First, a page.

Dan Moore Jr. Knows Offensive Penalties Are Unacceptable

The Pittsburgh Steelers’ offense is a leaky boat. And penalties are an anchor pulling it to the bottom even more. Since the second half of the Miami Dolphins’ game, the Steelers have been a highly-penalized team, erasing what little margin for error this group has.

Against the Philadelphia Eagles Sunday, the Steelers committed eight first-half penalties. Five of them came on offense, putting Pittsburgh’s miserable offense in difficult situations. Dan Moore Jr. was called for one illegal formation, and talking to reporters after the game, knows those errors aren’t acceptable.

“Obviously you never want to put yourself in binds like that,” Moore said postgame via the team website. “It just puts you in unmanageable situations. Definitely can’t shoot ourselves in the foot like that.”

Thanks to penalties, here are some of the down and distances Pittsburgh found themselves in Sunday.

2nd and 10 instead of 2nd and 3 (Dotson illegally downfield)
2nd and 7 instead of 2nd and 2 (Okorafor illegal formation)
1st and 15 instead of 1st and 10 (Delay of Game)
1st and 15 instead of 1st and 10 (Moore illegal formation)
1st and 20 instead of 1st and 10 (Pickens 27 yard gain wiped out by OPI)
1st and 20 instead of 2nd and 7 (Okorafor hold)

Back-breaking stuff, though to the Steelers’ credit, they overcome three penalties on one drive for their lone touchdown of the game. While some of the calls can be debated, Mike Tomlin didn’t seem to agree with the officials’ assessment, it’s still sloppy overall play compounding the team’s obvious problem. Scoring enough for this offense is hard enough without their own mental and unforced errors. It’s one of many reasons why the Steelers scored just 13 points Sunday. Now averaging a league-worst 15 points per game, the offense hasn’t eclipsed the 20-point mark all season and has done so just once over its last 13 games.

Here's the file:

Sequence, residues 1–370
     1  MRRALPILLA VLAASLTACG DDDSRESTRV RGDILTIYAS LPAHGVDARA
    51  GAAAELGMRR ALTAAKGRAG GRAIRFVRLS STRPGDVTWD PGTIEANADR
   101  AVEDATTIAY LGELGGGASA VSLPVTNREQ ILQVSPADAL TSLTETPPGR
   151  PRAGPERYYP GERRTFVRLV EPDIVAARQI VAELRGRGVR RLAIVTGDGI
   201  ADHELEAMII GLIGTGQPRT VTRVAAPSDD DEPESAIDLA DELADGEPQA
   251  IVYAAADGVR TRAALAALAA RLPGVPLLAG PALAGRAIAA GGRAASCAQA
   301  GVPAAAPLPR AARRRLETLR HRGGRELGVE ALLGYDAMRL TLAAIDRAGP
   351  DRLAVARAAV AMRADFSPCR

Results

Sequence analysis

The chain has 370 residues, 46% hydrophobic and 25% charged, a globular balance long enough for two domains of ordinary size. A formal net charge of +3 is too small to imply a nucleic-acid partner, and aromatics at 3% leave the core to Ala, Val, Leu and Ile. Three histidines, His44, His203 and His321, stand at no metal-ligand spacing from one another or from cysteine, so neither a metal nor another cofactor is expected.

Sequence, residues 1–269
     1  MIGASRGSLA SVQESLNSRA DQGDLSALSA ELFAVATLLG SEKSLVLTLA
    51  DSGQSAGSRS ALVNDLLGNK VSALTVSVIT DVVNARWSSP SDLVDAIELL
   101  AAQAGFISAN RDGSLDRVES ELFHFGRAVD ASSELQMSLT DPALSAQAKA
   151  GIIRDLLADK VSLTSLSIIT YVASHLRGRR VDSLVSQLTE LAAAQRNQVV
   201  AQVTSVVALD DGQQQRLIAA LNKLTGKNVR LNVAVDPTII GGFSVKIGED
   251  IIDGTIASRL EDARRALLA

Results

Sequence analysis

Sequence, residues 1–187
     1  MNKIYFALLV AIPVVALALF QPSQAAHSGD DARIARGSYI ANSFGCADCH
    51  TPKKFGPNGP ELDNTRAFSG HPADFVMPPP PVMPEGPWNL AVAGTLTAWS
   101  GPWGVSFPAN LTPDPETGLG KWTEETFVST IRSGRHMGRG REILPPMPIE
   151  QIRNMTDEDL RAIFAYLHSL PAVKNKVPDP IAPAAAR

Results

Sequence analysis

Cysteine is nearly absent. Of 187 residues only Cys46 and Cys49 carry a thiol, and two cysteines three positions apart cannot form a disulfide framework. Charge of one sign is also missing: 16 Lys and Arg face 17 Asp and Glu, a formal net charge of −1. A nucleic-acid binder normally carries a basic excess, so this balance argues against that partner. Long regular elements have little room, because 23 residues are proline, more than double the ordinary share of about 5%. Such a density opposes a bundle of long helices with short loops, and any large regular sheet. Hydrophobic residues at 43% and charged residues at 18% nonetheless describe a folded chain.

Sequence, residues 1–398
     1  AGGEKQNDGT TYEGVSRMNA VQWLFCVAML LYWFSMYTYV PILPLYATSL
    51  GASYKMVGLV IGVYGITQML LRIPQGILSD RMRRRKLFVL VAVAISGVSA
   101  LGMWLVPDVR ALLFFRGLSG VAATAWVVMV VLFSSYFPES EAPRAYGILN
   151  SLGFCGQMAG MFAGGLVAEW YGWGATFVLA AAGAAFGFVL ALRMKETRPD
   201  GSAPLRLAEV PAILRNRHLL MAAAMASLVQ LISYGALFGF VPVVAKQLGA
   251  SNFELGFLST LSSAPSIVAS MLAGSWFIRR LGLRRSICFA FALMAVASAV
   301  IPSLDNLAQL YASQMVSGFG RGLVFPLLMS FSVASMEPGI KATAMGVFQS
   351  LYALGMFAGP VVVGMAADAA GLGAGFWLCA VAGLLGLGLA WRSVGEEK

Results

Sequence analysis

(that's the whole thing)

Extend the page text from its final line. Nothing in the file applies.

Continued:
“It is frustrating,” Moore said of the team’s repeated stumbles.

Pittsburgh’s offensive line played its worst game of the season against Philadelphia, allowing six sacks, 11 QB hits, and numerous penalties. Sitting at 2-6 with no signs of things improving, it’s fair to wonder if the team will make any changes out of the bye. But finding those changes up front are tough to do. Like most teams, the Steelers don’t exactly have great depth behind their front five. Veterans Trent Scott and Jesse Davis are theoretically options to turn to. But the reality is the team will make its biggest changes this offseason and likely tinker with the o-line for a third straight season in the hopes of getting the group right.

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